UC Football speaks on Aaron Hernandez and C.T.E.


Source: nydailynews.com

Christian Rodriguez, Assistant Sports Editor

Former tight end for the New England Patriots Aaron Hernandez, who had committed suicide in his prison cell last April at the age of 27, has been reported to have severe Chronic Traumatic Encephalopathy (C.T.E.) after extensive research.

The brain scan came as a surprise even to researchers, who for years have been studying the degenerative brain disease in deceased professional football players, due to the severity of Hernandez’s case.

C.T.E. is a brain disease that primarily exists among boxers and football players. According to protectthebrain.org, C.T.E. is a progressive degenerative disease which afflicts the brain of people who have suffered repeated concussions and traumatic brain injuries, such as athletes who take part in contact sports. It also triggers very violent behavior.

Hernandez was serving a life sentence without parole for the killing of a family friend, Odin Lloyd. It is now becoming a theory that C.T.E. could have influenced his actions when Lloyd was murdered.

In a recent study, the brains of 111 deceased NFL players were examined, resulting in the discovery of C.T.E. in 110 of them, according to the New York Times. Some bias is suspected in the study based on the concerns of family members who observed symptoms from the former players whose brains were donated.

Senior linebacker at Utica College Erik Lyndaker believes that football affects the brains of players.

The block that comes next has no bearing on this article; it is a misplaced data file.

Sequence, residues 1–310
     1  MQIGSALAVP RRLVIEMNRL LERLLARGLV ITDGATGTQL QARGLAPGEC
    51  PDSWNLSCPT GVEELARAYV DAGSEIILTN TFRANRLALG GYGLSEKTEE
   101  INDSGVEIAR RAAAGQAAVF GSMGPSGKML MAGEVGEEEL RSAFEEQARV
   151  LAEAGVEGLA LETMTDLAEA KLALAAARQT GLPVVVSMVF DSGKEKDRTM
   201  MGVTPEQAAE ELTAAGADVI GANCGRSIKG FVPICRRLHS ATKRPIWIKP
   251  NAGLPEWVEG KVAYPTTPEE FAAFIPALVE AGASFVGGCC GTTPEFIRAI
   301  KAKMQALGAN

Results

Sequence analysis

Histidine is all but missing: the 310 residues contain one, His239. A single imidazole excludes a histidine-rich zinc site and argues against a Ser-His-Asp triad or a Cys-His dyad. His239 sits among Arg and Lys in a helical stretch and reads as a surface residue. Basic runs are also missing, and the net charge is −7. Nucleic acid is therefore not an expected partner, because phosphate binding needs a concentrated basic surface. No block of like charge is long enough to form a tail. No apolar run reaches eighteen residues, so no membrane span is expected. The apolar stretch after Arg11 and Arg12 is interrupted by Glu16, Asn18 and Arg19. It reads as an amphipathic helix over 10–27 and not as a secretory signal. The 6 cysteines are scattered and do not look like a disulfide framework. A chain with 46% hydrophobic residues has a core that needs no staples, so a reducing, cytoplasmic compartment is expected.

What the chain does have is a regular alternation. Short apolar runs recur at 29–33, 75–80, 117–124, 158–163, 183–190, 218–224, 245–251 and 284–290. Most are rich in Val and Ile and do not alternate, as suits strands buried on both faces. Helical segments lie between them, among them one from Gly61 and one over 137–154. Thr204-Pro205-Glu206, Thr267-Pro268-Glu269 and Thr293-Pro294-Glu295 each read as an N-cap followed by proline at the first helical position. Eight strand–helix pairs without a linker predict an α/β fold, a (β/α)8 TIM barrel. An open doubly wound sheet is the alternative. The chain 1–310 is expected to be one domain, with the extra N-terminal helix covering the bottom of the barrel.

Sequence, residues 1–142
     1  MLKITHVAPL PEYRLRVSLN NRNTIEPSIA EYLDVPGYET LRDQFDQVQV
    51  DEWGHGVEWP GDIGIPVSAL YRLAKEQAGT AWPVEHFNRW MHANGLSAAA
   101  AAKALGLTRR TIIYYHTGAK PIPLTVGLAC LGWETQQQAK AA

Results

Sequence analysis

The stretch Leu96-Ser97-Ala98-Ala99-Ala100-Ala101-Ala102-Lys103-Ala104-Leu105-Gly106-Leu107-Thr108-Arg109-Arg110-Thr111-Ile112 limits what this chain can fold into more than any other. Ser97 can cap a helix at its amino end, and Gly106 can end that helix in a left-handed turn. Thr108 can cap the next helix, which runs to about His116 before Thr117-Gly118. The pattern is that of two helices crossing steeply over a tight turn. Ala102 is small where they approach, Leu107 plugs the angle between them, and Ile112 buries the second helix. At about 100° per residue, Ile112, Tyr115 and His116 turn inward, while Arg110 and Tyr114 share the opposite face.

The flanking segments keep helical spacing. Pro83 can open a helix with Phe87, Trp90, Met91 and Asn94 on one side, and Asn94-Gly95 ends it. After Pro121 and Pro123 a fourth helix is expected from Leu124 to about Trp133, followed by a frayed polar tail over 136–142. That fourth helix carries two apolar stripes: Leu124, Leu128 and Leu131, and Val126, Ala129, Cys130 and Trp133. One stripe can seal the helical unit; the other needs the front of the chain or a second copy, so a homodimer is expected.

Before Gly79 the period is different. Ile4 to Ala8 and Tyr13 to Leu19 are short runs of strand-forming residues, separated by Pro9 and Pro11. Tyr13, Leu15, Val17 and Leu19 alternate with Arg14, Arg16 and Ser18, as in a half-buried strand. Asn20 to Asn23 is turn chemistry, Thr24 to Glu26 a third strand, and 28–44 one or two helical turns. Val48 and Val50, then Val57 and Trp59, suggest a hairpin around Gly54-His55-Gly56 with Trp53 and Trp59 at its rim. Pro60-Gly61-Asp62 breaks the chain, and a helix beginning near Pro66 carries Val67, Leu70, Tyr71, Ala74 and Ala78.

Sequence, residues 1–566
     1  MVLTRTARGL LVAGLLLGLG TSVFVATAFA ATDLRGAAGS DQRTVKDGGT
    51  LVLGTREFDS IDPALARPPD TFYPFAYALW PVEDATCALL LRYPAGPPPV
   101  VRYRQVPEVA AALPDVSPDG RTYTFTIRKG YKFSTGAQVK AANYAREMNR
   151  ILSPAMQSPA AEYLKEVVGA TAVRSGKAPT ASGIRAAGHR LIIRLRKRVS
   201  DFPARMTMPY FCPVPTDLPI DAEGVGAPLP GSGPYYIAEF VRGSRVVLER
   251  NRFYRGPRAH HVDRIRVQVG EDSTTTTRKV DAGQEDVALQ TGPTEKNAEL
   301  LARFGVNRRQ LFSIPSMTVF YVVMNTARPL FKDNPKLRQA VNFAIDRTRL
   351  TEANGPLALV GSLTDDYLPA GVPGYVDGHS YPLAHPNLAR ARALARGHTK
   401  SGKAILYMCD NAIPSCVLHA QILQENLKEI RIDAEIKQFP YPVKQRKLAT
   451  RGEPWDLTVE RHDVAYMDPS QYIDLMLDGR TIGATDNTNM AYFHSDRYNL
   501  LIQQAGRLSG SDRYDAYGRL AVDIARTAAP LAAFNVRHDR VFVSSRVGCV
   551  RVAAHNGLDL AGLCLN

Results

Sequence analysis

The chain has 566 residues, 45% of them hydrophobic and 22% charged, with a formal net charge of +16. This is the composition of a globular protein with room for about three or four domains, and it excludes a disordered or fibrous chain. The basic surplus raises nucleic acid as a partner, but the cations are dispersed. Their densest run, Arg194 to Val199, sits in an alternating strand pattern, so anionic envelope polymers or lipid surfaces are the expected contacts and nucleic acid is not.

“A lot of players say all the head hitting gives them crazy thoughts,” Lyndaker said. “I wouldn’t be surprised if someone actually acted on them like Aaron Hernandez did.”

Lyndaker says football is the “nature of the beast” and the players know what they sign up for. He also thinks there are ways to be safe as well.

“A good way to start preventing things like this in football is learning the proper techniques in your tackles,” Lyndaker said. “It is really important that you know how to tackle. It keeps you safe and the opponent as well.”

Senior defensive back Anthony Bierria-Anderson says he can’t say he’s surprised to hear about what happened to Hernandez and the case.

“You’re playing in the NFL for that many years,” Bierria-Anderson said. “I’m sorry, but it’s bound to happen.”

Bierria-Anderson says whether you are playing safe or not, there will always be a risk of something like this in football. He also feels that it is simple to prevent this as well.

“Learn how to tackle, that’s all I can say,” Bierria-Anderson said. “You see players all the time running out of control with their heads down trying to clear someone out but they don’t get that they are only hurting themselves.”

Head coach Blaise Faggiano feels that it is very sad that the players are making millions of dollars in the NFL to keep playing with the risk of a concussion while some even play through it.

“Playing with a concussion doesn’t give the brain time to rest,” Faggiano said. “It only creates a higher risk.”

Faggiano says that he had a player once who didn’t tell him he had a concussion and still played with it.

“No matter what sport you play, what you should learn as an athlete is that health should always comes first,” Faggiano said.

Faggiano says the key to preventing concussions in football is practicing safety of technique and making sure you rest properly.

The Utica College football staff provides the players with concussion helmets and concussion mouth guards if needed, according to Faggiano. The team also does neck exercises.

“I learned that a strong neck reduces the severity of a concussion,” Faggiano said. “If not prevent it.”